Republicans, however, are poised to oppose the plan. Jill Strait, a spokeswoman for Rep. Doc Hastings of Washington, the ranking Republican on the Natural Resources Committee, said the plan "doesn't look like a good blueprint for American energy development." She said it will curtail drilling by smaller oil and gas companies and eliminate jobs.
Mr. Naatz said the practical impact of the plan would be to reduce domestic oil production while drillers are hurting from the economic recession. "It adds a burden at a very difficult time," he said. The American Petroleum Institute, which represents large oil companies, is also ready to lobby against the changes. "These things are going to have material impacts on the economics of wells. We'll see less bidding on leases and lease sales," said Andy Radford, a senior policy adviser at the institute.
The plan shows that some Democrats are ready to renew the "use it or lose it" stance they took last year when oil prices spiked to new levels. Seeking to counter Republican arguments in favor of expanded domestic oil and gas drilling on the Outer Continental Shelf and in the Arctic National Wildlife Refuge, House Democrats pushed legislation that would have forced oil and gas companies to give up unused leases on 68 million acres of federal land in exchange for new leases elsewhere.
Their bill, known as the DRILL Act, failed to win a required two-thirds vote for passage in the House when the bill was brought to the floor under a fast-track procedure. But it still attracted support from 218 Democrats and 26 Republicans.
Mr. Rahall's bill would make numerous other changes to federal oil and gas leasing. Among other actions, it would :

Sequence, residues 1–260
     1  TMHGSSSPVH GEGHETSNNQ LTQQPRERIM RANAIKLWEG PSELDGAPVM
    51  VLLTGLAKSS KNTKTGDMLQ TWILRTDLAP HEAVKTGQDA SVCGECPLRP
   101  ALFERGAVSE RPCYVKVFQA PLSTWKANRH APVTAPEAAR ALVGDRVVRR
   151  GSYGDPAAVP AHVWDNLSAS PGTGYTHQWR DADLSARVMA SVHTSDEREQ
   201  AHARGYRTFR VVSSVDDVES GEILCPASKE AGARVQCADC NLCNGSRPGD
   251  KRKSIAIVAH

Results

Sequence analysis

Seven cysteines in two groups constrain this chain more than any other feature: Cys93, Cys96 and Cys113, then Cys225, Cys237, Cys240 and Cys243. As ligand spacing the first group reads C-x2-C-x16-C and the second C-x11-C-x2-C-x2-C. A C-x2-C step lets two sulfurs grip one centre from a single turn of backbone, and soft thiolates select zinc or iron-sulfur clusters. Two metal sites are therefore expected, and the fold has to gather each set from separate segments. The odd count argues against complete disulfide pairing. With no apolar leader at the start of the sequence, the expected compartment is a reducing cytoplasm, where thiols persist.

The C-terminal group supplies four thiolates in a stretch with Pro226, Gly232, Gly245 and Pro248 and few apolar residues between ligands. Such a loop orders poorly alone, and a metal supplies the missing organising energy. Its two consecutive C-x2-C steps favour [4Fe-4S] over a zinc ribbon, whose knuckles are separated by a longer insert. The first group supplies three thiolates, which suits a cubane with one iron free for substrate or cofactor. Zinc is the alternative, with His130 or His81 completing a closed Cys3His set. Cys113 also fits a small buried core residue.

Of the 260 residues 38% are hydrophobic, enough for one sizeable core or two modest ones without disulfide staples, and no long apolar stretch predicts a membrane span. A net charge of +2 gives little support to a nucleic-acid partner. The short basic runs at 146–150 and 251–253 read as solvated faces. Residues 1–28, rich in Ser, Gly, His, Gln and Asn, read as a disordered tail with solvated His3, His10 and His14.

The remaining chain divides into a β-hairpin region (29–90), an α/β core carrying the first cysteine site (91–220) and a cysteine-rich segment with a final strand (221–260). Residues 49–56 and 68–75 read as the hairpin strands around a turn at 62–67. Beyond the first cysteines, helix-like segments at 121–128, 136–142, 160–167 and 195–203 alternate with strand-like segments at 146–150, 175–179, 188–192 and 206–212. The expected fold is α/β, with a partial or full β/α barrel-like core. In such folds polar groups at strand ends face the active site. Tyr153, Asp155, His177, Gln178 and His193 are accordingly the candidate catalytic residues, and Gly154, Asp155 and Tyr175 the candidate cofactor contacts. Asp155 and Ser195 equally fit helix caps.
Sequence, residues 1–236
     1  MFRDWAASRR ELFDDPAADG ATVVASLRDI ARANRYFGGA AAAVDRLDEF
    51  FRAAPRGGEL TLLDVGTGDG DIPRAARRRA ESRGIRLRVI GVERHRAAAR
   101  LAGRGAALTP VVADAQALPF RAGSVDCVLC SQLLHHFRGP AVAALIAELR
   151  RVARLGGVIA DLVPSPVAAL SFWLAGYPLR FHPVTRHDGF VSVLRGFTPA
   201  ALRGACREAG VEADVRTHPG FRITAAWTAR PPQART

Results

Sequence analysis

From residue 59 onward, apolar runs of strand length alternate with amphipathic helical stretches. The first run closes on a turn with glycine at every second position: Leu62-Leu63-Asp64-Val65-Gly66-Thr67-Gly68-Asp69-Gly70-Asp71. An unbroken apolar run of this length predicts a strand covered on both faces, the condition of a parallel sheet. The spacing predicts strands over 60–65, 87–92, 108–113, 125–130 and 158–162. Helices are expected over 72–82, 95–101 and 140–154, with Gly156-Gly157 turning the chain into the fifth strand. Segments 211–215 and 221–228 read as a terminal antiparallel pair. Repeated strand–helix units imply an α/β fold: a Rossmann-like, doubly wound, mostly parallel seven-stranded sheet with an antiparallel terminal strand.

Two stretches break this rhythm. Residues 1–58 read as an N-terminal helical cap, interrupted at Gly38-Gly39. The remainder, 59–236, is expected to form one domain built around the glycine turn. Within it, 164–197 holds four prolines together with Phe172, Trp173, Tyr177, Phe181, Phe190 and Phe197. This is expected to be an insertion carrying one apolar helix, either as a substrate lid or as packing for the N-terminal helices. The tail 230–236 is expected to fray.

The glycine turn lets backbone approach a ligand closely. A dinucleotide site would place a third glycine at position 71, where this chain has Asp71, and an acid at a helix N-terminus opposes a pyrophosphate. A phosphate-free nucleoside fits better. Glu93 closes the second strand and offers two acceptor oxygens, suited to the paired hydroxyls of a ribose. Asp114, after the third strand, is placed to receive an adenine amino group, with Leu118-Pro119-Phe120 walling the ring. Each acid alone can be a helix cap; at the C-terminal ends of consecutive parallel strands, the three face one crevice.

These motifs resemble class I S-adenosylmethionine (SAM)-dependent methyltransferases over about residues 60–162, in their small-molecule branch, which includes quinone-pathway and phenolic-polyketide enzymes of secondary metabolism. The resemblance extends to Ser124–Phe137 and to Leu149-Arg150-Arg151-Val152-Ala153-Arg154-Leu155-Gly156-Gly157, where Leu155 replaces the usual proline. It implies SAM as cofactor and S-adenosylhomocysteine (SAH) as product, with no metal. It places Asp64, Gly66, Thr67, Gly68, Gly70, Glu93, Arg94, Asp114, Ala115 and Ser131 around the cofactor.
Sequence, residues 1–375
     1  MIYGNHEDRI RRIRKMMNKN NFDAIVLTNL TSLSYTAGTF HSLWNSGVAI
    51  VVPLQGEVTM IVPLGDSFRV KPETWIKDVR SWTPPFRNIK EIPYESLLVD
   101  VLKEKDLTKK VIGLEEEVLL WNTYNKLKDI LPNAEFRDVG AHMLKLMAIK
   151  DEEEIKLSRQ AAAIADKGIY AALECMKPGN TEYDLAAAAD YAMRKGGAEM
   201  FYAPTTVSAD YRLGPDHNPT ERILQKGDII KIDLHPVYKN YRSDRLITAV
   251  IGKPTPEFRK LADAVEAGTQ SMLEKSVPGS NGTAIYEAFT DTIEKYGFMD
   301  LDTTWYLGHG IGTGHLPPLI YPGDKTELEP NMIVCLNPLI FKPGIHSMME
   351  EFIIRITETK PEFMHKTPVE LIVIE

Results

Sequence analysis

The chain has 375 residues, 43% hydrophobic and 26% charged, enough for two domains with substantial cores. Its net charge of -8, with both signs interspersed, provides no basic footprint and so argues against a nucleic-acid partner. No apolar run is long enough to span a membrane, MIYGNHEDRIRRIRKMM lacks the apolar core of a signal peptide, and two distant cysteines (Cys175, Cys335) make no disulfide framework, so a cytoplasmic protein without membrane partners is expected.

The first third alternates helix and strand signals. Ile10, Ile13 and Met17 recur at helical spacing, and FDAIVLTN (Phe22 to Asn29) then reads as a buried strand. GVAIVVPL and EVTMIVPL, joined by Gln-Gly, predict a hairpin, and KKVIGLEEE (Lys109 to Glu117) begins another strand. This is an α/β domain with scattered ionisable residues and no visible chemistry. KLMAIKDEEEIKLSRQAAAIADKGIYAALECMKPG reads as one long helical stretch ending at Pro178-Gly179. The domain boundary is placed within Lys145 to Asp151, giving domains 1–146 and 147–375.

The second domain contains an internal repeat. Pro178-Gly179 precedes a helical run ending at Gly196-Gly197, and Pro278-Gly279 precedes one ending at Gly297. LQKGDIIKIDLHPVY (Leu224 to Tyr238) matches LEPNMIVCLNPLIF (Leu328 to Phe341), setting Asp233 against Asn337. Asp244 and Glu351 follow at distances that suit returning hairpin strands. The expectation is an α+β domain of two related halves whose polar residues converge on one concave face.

• End the "payment-in-kind" option that allows companies to pay royalties in oil and gas rather than cash. Mr. Salazar has said he would consider ending the program.
• Tighten royalty payment rules through new penalties, elimination of interest on overpayments, and other adjustments.
• Consolidate Interior Department leasing activities into a new Office of Federal Energy and Mineral Leasing, and end leasing by the Minerals Management Service and the Bureau of Land Management.
• Require the adoption of five-year plans for oil and gas leasing on federal lands similar to those developed for offshore leasing.
• Create an Oceans and Coastal Trust Fund funded by revenues from Outer Continental Shelf leases and royalties.
• Impose new environmental restrictions to curtail pollution from offshore oil drilling.
• Impose royalties for the first time on uranium mining.
The Interior Department's management of oil and gas leasing has been the subject of a series of critical reports by the Government Accountability Office, which has called for a "comprehensive reassessment" of federal rules that investigators say fail to encourage drilling on leased lands and impose longer terms and lower rates than states and other countries.
In September, the department's inspector general reported that "a culture of ethical failure" had taken hold at the Minerals Management Service office in Lakewood, Colo., where 13 employees managing the $4.3 billion royalty-in-kind program were purported to have ignored federal ethics rules,engaged in sex and drug abuse among themselves and with industry representatives, and accepted gifts from those same representatives. The department terminated and demoted employees in the office last fall but did not provide specifics.